What will the sentence be for an Illinois DUI that is reduced to reckless driving?

by Lewis Gainor on March 4, 2010

DUI Reduced to Reckless Driving

Defendants who are charged with driving under the influence under Section 11-501 of the Illinois Vehicle Code will almost always benefit from a reduction of the charge from DUI to reckless driving under Section 11-503.

Both offenses are Class A misdemeanors for which the sentence can be up to one year in jail and a fine of $2,500. But the consequences for each offense are not the same.

A DUI conviction has the result of a mandatory revocation of your driver’s license by the Secretary of State under Section 6-205. A conviction for reckless driving, however, does not result in a revocation.

The only exception is where the defendant has two prior convictions for reckless driving in the same year. A third conviction for reckless driving in 12 months will result in a revoked license under Section 6-205.

The fact that reckless driving will not revoke your license is primary reason for pleading guilty to reckless driving when charged with DUI. Court supervision is available on a first DUI offense, but not the second. Therefore, a reduction to reckless driving is critical for a second DUI offense.

Another important issue for a DUI reduced to reckless driving is that, even for a first offense, reckless driving is preferable to court supervision for DUI. The reason is, when you are on court supervision, any violation of the sentence can result in re-sentencing and a conviction. That conviction will, of course, revoke your driver’s license. Therefore, while court supervision for DUI may seem like a good deal, you are constantly at risk of losing it due to some innocent mistake such as a traffic offense or failure to pay the fine because you are financially unable to do so.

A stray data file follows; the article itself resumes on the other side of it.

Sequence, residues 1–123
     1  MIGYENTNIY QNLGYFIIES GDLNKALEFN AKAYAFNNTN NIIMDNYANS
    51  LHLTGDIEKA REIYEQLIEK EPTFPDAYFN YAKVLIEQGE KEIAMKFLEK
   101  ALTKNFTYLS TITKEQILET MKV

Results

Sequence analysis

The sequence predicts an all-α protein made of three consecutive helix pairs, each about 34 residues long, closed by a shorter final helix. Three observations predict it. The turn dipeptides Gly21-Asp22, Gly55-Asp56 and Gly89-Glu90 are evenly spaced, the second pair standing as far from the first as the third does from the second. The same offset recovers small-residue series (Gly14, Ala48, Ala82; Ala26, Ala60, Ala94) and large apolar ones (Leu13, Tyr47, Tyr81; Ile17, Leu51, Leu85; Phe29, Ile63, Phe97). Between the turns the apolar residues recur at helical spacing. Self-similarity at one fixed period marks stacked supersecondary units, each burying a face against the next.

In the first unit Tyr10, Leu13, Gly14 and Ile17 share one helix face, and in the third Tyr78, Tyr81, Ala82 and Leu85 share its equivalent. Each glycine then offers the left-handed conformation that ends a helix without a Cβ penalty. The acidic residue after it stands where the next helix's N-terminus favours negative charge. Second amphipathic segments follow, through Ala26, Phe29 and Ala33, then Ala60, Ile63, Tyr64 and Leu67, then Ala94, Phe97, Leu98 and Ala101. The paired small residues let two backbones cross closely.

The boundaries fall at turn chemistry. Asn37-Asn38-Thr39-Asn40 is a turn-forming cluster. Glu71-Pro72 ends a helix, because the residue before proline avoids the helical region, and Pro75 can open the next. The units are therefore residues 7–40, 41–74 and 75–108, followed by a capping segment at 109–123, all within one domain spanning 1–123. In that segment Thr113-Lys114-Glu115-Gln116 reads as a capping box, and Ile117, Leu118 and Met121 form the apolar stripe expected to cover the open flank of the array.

If you violate your sentence for reckless driving, however, the Secretary of State generally cannot take any action against your driver’s license. The court may sentence you for up to one year in jail, but the Secretary of State cannot revoke your license. There is one exception, though, where the defendant fails to pay all the fines and court costs associated with a reckless driving charge. This will cause the Secretary to refuse to renew your license for failure to pay (e.g., there will be an FP notation on your driver’s abstract).

Last, the issue of your criminal record is important. A reckless driving offense on a driving record may not look bad, but a DUI is always negative.

The sentence for a DUI reduced to reckless driving will be generally almost exactly the same as a sentence for DUI. A substance abuse evaluation will be required and the defendant will be ordered to complete all recommended treatment. Also, the defendant will be ordered to attend a Victim Impact Panel where DUI victims discuss the ways in which drunk drivers have affected their lives. A fine will be imposed that is typically higher than average (to compensate for the fact that the DUI has been reduced).

Previous post:

Next post: